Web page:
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Frontiers September 2013 Issue

Mobilizing Boeing’s front line Growing use of tablet devices on production lines boosts efficiency, safety and quality By Kenn Johnson and Meghan Boyer; photos by Bob Ferguson Gabe Hernandez used to begin his shift at Boeing’s Mesa, Ariz., facility by consulting work plans at a desktop computer or laptop. Now he starts by transferring data to an Apple iPad. An assembly technician for the AH-64D Apache, Hernandez transfers details of the day’s jobs from a shared computer to his mobile device—including part descriptions, assembly instructions, drawings and even photographs of work areas. With the work instructions loaded on the iPad, all of the information Hernandez needs is at hand—and remains so, even if he’s on the go. He can work on the aircraft without having to return to the computer bay repeatedly for more information, an improvement that saves him time. “Before, I either had to carry a laptop, which I had to find space for, or go out to a station computer,” Hernandez said. “It’s a lot easier to put the iPad in a tool bag and take it so I have it when I need it.” As the technology has evolved, Boeing Information Technology has been exploring how the use of slate-style tablet devices and related software can improve the company’s manufacturing and business processes. Tablets may not be the best tool for every factory application, but when deployed in the right places, they can create myriad shop-floor improvements. In Boeing’s Apache line and the C-17 Globemaster II line in Long Beach, Calif., employees who use tablet devices are finding they can accomplish more in less time and with less effort, said Bill Black, a Boeing Military Aircraft IT Business Partner and IT leader for the C-17 Program. That productivity gain translates into improvements in cost control, product quality, production flexibility and safety—all of which are important for the business programs and the customers they support. “We went from having mechanics carry paper documents to their workstations to having electronic workstations in the work centers,” said Bill Warren, a senior project manager at the Mesa site. “Now, employees can take their work instructions with them on a tablet and save time and money without the BOEING FRONTIERS / SEPTEMBER 2013 21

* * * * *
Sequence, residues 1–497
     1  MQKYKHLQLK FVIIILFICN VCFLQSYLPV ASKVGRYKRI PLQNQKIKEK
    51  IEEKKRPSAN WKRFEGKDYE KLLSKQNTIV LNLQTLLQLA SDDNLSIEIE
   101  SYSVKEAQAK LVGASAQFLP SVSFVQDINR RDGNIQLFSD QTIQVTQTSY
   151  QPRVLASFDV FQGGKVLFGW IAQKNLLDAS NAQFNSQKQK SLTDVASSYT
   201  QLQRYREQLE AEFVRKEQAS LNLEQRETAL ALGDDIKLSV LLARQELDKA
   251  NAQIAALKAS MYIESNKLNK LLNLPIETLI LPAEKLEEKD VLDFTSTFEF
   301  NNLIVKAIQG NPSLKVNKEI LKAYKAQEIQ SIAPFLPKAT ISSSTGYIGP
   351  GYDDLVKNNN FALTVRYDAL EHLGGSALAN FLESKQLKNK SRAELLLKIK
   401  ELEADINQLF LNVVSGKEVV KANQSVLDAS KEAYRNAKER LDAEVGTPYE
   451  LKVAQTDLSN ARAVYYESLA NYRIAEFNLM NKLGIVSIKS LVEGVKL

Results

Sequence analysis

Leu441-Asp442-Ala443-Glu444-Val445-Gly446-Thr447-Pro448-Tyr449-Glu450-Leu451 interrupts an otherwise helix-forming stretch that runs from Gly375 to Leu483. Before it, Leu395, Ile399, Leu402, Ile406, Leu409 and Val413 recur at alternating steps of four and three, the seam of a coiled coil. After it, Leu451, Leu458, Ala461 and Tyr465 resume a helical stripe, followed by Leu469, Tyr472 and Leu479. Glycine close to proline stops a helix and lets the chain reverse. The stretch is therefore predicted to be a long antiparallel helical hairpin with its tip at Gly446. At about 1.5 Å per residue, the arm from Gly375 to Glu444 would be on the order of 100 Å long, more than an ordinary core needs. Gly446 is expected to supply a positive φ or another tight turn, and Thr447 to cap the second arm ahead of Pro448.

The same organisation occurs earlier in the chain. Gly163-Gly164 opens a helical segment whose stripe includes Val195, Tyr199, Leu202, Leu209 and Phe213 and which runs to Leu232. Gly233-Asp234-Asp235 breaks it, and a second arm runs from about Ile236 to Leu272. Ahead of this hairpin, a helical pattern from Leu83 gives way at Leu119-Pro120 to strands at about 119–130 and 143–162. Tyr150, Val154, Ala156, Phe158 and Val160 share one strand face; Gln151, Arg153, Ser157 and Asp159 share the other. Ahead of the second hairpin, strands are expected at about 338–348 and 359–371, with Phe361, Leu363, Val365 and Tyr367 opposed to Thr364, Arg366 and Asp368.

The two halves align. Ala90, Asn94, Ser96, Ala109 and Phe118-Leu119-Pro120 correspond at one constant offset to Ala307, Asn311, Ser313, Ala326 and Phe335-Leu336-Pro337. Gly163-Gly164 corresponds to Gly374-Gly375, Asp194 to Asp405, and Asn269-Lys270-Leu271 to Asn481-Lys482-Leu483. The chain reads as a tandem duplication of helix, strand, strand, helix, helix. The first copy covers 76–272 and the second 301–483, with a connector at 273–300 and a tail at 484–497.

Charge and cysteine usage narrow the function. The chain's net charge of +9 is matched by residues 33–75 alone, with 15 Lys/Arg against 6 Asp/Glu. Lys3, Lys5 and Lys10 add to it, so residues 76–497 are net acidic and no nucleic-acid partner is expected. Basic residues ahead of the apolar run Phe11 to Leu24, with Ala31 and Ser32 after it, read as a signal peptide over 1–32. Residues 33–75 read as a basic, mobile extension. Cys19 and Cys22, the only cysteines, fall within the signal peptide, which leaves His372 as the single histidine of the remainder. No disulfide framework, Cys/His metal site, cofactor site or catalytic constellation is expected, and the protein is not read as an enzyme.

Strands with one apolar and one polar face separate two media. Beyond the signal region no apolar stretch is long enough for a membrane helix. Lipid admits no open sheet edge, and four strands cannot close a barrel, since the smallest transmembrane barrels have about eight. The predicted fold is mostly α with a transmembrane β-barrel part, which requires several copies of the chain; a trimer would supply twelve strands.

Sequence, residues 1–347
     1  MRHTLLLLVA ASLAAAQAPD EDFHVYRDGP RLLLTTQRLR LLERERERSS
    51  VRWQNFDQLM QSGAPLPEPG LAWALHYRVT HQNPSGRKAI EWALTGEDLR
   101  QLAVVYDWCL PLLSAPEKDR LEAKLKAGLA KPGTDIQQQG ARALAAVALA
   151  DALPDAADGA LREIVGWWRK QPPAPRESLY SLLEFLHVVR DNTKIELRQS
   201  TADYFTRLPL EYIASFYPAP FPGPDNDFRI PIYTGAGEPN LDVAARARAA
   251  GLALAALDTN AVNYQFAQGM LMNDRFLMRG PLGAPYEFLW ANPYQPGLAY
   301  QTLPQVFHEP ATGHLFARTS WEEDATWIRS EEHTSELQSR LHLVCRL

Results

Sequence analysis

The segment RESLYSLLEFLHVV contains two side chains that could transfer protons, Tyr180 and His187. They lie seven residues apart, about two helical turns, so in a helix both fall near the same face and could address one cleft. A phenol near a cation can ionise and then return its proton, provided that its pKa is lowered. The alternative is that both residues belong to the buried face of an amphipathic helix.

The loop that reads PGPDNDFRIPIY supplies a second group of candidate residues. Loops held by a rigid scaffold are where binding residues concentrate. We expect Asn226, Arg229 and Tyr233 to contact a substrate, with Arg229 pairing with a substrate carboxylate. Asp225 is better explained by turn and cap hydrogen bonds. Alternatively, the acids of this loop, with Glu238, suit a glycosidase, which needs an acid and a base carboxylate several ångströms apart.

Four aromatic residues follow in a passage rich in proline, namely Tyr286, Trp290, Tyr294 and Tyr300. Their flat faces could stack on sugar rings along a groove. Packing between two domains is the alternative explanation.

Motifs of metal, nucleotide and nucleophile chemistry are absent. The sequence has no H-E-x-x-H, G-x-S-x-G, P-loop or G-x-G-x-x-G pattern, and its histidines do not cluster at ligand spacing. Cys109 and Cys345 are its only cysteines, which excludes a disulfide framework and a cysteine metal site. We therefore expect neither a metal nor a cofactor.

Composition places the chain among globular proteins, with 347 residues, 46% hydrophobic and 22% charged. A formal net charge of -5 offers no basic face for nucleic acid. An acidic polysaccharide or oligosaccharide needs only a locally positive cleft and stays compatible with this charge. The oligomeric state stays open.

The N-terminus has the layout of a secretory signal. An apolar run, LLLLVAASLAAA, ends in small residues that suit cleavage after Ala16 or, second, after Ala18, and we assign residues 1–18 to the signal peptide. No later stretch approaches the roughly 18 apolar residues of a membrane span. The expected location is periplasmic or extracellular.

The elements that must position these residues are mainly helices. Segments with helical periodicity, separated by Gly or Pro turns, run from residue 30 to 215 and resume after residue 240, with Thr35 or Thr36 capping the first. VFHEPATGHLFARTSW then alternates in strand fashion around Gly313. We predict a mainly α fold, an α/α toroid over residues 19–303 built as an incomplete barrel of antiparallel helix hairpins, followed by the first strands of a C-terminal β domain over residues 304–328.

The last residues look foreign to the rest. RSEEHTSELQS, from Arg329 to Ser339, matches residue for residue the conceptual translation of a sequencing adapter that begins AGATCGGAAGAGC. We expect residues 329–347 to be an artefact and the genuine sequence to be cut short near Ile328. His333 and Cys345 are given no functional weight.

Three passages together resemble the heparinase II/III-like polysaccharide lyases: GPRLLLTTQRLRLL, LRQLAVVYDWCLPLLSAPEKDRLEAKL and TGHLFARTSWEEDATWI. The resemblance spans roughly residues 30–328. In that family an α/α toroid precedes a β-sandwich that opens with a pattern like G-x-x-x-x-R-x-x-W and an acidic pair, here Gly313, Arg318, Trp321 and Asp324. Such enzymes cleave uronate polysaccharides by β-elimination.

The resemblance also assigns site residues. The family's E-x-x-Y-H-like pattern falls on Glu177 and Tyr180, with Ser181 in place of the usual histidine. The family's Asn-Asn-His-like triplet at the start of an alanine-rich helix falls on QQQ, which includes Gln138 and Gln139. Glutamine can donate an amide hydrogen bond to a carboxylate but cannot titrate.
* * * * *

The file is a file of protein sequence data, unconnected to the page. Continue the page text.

Frontiers September 2013 Issue
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